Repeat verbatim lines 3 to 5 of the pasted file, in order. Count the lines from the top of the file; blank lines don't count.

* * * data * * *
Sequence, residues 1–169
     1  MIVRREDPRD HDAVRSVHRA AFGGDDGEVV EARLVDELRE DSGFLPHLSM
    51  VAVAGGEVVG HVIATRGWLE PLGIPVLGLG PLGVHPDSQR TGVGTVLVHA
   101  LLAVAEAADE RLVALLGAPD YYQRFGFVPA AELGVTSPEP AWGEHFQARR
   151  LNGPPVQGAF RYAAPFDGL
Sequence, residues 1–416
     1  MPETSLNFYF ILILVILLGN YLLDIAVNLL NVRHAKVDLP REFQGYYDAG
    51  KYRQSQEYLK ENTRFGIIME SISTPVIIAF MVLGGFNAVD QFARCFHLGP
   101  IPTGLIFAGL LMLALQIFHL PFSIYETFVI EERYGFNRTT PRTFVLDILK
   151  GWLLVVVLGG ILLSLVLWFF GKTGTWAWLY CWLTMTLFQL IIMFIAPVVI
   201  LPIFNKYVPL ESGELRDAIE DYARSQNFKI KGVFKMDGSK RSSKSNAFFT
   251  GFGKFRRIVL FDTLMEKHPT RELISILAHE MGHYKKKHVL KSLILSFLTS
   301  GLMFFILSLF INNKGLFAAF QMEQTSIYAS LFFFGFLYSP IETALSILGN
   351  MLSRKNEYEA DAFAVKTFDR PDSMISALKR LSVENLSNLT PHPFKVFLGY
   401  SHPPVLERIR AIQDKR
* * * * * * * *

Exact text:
    51  VAVAGGEVVG HVIATRGWLE PLGIPVLGLG PLGVHPDSQR TGVGTVLVHA
   101  LLAVAEAADE RLVALLGAPD YYQRFGFVPA AELGVTSPEP AWGEHFQARR
   151  LNGPPVQGAF RYAAPFDGL